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Audi to Introduce Video Mirror in R8 e-tron

What to do when you have no back window.

by on Aug.10, 2012

Audi will switch to a video rearview mirror in the upcoming R8 etron battery supercar.

Audi was facing a big problem as it finishes development of the new R8 e-tron.  The battery-electric version of its 2-seat supercar has no back window – which makes it a little useless to offer a rearview mirror, at least a conventional one.

Instead, the maker is dipping into its motorsports tool kit to come up with the same digital “mirror” used on its R18 endurance racer, the same vehicle that recently won LeMans.  An advanced, 7.7-inch organic LED screen will effectively recreate the image of a traditional rearview mirror – while adding in a few neat, high-tech tricks, such as the ability to block the glare from headlights.

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Rear-mounted cameras have become commonplace in today’s cars, helping motorists safely back out of parking places.  But the Audi system won’t simply move the image from the center stack-mounted navi screen to the mirror. The R8 e-tron will provide a much more detailed and more accurate image than available from current backup cameras.

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Audi Will Offer e-tron Option on New A3

First plug-in will debut in 2014; other models to follow.

by on Mar.02, 2012

The Audi A3 will offer an e-tron plug-in hybrid option starting in 2014.

Even as the automaker prepares to launch its first U.S. fleet-test of a plug-in hybrid, Audi CEO Rupert Stadler is confirming expansive new plans for a range of battery-based vehicles from some of its smallest to its sportiest offerings.

That electric assault will begin in 2014, Stadler announced at Audi’s annual news conference, when it begins offering a plug-in “e-tron” option for the new A3 subcompact.  The battery-based A3 will begin field testing in four U.S. markets this month, as TheDetroitBureau.com reported earlier this week. (Click Here for more on the fleet test.)

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Among other models that will get plug-in and other advanced hybrid options are the

Meanwhile, the maker will tap into its Le Mans racing program, where it has long dominated with its Quattro all-wheel-drive and diesel technologies, and where it has introduced a new flywheel-based hybrid system on the R18 race car.  That technology – which stores energy in a fast-spinning wheel, rather than a battery – is expected to show up on a version of the maker’s A4, dubbed the B9, in the next several years, according to Britain’s Autocar.

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Germans Invade France: Victory at Le Mans

Disaster turns into victory.

by on Jun.15, 2011

Germany's secret weapon: the Audi R18.

It started back in 2000 when the first Audi prototype showed up at the 24 Hours of Le Mans.  At a race where sports car manufacturer Porsche has won 16 times and Ferrari nine times, the upstarts from Ingolstadt came with a serious race car, the turbocharged gasoline-engined R8, and took first, second and third the first time out.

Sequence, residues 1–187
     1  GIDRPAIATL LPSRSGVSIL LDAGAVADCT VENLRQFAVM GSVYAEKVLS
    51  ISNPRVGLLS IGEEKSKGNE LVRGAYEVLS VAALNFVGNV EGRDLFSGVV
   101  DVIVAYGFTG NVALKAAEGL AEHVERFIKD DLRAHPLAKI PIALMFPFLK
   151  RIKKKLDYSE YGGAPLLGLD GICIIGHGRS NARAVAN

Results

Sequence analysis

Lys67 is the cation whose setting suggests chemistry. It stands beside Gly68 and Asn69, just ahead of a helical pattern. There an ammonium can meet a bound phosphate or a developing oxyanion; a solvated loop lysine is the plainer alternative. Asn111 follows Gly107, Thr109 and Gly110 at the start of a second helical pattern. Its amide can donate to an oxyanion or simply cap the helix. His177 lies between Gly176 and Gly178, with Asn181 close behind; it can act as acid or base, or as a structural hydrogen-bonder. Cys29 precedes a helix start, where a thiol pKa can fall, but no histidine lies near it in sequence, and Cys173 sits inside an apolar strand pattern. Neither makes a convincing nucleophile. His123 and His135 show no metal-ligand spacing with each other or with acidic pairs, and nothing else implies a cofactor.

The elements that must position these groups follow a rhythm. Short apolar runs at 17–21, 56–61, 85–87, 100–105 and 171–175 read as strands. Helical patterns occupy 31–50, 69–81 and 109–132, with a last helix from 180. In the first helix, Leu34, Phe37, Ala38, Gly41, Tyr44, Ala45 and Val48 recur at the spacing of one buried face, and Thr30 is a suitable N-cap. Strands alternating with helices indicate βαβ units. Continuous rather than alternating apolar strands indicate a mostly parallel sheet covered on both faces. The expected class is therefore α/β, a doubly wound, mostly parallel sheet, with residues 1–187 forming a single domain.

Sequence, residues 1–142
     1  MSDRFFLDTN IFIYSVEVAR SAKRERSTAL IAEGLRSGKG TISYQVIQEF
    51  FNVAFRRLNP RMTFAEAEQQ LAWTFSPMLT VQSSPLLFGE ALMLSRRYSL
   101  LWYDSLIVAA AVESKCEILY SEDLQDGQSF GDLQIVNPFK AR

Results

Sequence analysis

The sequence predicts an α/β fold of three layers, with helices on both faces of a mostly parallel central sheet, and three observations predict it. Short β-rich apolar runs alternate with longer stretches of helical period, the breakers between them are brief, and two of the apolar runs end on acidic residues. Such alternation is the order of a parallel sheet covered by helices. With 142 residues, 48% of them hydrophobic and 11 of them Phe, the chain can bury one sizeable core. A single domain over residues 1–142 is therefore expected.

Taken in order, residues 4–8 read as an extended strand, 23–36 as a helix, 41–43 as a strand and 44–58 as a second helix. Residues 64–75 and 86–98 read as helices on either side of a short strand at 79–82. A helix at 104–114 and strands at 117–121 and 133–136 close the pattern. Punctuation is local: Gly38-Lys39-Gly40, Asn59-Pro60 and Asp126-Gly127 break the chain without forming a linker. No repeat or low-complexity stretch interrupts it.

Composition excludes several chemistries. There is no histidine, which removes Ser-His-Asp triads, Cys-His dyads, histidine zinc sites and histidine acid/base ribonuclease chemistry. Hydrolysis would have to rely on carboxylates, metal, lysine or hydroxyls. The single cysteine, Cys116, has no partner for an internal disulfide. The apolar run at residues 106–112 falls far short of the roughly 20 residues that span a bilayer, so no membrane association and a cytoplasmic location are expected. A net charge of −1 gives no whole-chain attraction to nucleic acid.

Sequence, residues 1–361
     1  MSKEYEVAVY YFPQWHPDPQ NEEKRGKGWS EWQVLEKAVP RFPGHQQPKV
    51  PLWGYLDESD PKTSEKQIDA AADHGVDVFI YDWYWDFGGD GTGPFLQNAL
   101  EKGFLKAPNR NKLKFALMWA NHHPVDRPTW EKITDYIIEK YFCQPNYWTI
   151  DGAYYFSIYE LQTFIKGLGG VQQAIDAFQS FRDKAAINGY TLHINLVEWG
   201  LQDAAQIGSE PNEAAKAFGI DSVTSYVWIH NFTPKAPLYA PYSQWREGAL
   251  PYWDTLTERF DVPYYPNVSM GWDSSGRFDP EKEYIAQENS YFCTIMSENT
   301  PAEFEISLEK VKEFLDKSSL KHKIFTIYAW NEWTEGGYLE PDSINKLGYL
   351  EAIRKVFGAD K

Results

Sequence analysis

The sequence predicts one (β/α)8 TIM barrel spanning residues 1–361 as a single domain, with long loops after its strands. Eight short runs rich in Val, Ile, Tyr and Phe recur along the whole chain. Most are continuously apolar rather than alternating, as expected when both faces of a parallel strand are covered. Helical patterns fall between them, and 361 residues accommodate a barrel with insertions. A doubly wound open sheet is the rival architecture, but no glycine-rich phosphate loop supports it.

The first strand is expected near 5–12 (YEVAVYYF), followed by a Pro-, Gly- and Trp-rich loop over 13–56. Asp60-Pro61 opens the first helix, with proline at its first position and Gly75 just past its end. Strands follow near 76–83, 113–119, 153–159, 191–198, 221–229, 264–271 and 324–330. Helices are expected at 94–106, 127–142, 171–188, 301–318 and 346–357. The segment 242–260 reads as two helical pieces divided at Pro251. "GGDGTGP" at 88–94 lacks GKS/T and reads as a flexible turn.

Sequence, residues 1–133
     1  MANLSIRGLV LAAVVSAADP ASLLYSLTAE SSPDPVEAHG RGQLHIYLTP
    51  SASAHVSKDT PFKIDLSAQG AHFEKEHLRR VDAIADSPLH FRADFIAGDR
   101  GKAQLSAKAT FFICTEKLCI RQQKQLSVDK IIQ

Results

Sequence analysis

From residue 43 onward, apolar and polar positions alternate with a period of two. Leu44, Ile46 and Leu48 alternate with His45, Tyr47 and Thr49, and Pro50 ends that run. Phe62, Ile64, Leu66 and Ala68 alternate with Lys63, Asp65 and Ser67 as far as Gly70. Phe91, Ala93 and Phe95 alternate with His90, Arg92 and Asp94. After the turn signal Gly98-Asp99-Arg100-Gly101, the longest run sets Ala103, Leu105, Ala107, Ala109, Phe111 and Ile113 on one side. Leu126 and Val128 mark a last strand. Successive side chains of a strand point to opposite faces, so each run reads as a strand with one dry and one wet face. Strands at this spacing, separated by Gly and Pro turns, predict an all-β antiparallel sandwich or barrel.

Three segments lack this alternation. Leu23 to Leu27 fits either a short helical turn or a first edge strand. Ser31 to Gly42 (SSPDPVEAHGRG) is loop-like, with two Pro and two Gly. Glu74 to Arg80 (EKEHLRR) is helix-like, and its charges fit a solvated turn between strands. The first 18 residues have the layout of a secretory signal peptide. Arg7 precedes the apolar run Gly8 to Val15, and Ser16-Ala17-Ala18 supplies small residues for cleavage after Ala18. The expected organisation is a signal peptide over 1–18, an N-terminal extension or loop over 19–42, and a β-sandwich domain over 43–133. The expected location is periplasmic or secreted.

In the years since, the Audi R8, R10, the R15 diesel and now the new R18 diesel have won the race nine more times.  They took a year off in 2003 when, at the suggestion of management, the Audi race car was reconfigured into a Bentley coupe, and the Bentley took first and second using Audi engines.

In 2004, the R8 returned and took first, second, third and fifth.  The following year, the updated and heavily restricted R8 won again, with Danish driver Tom Kristensen winning his seventh Le Mans in a row.

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The world of sports car racing changed forever in 2006 when Audi showed up with its new R10 race cars, powered by 5.5-liter turbocharged diesel engines.  Diesels?  At Le Mans?  Yes.  Using specially distilled diesel race fuel, the Audis qualified first and second and beat the closest gasoline-powered car by four LAPS, owing to the diesel’s reliability, huge torque off the corners, and far fewer stops for fuel.  The winning Audi diesel covered 3164 miles in 24 hours, at an average speed of 131 mph.

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Audi, Chevrolet, BMW and Even Ford Enhance Their Reputations at Le Mans

Despite two crashes, Audi overwhelms field with new R18 turbodiesel.

by on Jun.13, 2011

Though two of its three cars crashed, Audi's #2 R18 turbodiesel went on to win.

The 24 Hours of Le Mans, the greatest auto race on Earth, tests engineering skill, driving skill, mechanical skill and everyone’s patience.  This year’s race, the 79th running, showed once again what great racing companies like Audi, Chevrolet, Nissan, and BMW can do.

Audi brought three brand new, brutish-looking diesel-powered R18s to race in the top LMP1 class, with new V-6 turbodiesel engines replacing the older, heavier and less efficient V-10 turbodiesels.

Before 15 laps were done, their #3 car had crashed heavily, sending Scottish driver Allan McNish to the infield hospital.  Around 11:45 PM, the #1 car tangled with a Ferrari and lost, taking out a huge section of guardrail and sending German driver Mike Rockenfeller to the hospital, as well.

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It took more than two hours to fix the guardrail while the field of 56 cars idled around in the dark under a yellow flag.  But the remaining #2 car, with drivers Marcel Fassler, Benoit Treluyer, and Andre Lotterer, soldiered on and won the race, a close finish, with five diesel Peugeots trailing it home.  It was Audi’s tenth overall victory at Le Mans, now more than Ferrari.

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